Happy 75th birthday Woody Allen — if that’s possible

Thanks to a great post by David Hudson, which I really hope you read, I’m  aware that today is a big birthday for one of the talents that made me want to become involved in this whole show business thing in the first place.

I’ll start off a couple of clips from my personal pet Woody Allen film, 1984’s underrated “Broadway Danny Rose.”

The philosophizing comes after the flip.

Read the rest of this entry »

  

You can follow us on Twitter @moviebuffs and on Facebook as well.

Related Posts

RIP Irvin Kershner (updated)

Irvin Kershner, who died Saturday at age 87, was a solid journeyman director, his early films — several of which, especially “The Flim-Flam Man” and “The Luck of Ginger Coffey” are supposed to be pretty good — are obscure enough that even I haven’t seen too many of them. He was also a graduate of the USC Film School in 1950, which makes him, I guess, about the first of the film school brats.

He’s known today primarily because of two strong, dramatic action films. The first was a 1976 fact-based TV movie, “Raid on Entebbe.” The second was, uh-hmm, “The Empire Strikes Back.” For one film in the series, a “Star Wars” film had a genuinely well-written screenplay with good dialogue and a director who knew how to elicit strong work from actors and structure a dramatic moment. For some reason, everyone agrees it was the best of the series. Watch this scene again, though you’ve certainly seen it before. There’s emotion going on.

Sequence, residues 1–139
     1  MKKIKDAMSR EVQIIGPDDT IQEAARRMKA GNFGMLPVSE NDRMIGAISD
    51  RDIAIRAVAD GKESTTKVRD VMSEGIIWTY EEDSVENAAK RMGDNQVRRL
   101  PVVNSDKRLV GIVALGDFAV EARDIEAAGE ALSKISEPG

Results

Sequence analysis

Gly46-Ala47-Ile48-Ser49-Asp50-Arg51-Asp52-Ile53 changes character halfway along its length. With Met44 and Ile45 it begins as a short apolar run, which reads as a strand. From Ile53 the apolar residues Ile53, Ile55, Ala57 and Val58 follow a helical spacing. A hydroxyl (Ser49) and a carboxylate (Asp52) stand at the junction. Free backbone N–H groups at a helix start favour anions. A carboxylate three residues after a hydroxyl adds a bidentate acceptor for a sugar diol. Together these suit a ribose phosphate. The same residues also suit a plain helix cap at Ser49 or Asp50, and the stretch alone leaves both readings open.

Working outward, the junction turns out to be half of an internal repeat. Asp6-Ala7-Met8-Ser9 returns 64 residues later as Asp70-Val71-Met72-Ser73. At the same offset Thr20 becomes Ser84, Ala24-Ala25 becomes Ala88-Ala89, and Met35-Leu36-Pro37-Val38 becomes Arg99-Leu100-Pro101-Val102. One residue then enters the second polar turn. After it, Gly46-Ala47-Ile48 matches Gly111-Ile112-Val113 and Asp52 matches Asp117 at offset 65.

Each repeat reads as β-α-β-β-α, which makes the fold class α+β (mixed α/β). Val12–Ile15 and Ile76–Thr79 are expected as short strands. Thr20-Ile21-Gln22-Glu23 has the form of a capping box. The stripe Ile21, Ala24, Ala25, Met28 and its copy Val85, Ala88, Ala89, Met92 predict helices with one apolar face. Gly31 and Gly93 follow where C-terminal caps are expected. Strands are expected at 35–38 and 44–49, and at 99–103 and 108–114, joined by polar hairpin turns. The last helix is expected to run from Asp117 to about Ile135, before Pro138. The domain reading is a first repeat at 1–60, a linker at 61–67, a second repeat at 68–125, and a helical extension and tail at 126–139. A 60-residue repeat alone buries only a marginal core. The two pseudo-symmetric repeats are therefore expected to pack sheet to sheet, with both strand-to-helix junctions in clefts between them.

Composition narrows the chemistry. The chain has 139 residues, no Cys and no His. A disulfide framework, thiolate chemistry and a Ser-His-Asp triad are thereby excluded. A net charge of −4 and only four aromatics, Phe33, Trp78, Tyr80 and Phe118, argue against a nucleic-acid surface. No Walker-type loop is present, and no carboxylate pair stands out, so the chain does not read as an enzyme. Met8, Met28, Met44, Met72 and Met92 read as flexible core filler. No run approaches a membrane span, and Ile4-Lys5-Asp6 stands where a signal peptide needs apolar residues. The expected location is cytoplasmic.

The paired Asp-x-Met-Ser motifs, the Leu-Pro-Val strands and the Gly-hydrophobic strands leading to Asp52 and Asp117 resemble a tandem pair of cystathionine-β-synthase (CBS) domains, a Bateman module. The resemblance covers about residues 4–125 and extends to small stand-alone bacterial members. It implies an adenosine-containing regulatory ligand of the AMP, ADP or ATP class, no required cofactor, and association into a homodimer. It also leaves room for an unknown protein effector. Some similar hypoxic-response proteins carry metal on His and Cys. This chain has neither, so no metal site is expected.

Kershner was, I gather, a gracious and intelligent man. Here is a brief tribute/outtake from the documentary “The Nature of Existence” in which Kershner endorses “the Force” in a way, while also speaking out for a spiritual, but entirely non-supernatural view of life, death, and creativity.

Much more, as usual, at MUBI.

UPDATE: The fine blogger Greg Ferrara argues that “The Luck of Ginger Coffey” was a lot better than “pretty good.”

  

Related Posts